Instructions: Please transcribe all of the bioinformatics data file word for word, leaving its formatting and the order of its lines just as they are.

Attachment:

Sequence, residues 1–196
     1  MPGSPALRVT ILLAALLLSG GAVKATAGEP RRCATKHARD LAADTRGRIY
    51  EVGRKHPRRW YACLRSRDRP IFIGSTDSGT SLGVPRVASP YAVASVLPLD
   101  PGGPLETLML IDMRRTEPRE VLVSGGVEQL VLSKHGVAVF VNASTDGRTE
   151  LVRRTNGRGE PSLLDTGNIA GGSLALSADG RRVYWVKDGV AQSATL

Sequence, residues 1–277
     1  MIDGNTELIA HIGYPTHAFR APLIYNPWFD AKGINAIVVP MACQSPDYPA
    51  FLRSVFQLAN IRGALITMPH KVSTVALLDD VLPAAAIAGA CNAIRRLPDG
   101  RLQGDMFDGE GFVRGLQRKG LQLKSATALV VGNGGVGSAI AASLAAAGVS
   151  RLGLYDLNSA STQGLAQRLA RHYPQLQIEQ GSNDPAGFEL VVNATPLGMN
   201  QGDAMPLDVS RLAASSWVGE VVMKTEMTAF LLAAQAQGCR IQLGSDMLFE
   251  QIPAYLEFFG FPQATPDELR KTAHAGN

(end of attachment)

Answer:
Sequence, residues 1–196
     1  MPGSPALRVT ILLAALLLSG GAVKATAGEP RRCATKHARD LAADTRGRIY
    51  EVGRKHPRRW YACLRSRDRP IFIGSTDSGT SLGVPRVASP YAVASVLPLD
   101  PGGPLETLML IDMRRTEPRE VLVSGGVEQL VLSKHGVAVF VNASTDGRTE
   151  LVRRTNGRGE PSLLDTGNIA GGSLALSADG RRVYWVKDGV AQSATL

Sequence, residues 1–277
     1  MIDGNTELIA HIGYPTHAFR APLIYNPWFD AKGINAIVVP MACQSPDYPA
    51  FLRSVFQLAN IRGALITMPH KVSTVALLDD VLPAAAIAGA CNAIRRLPDG
   101  RLQGDMFDGE GFVRGLQRKG LQLKSATALV VGNGGVGSAI AASLAAAGVS
   151  RLGLYDLNSA STQGLAQRLA RHYPQLQIEQ GSNDPAGFEL VVNATPLGMN
   201  QGDAMPLDVS RLAASSWVGE VVMKTEMTAF LLAAQAQGCR IQLGSDMLFE
   251  QIPAYLEFFG FPQATPDELR KTAHAGN